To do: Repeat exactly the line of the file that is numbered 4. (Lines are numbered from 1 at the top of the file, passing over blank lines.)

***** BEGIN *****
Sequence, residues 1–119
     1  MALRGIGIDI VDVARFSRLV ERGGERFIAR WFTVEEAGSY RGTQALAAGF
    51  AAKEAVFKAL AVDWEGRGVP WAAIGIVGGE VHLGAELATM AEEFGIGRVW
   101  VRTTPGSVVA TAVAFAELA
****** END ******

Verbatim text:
   101  VRTTPGSVVA TAVAFAELA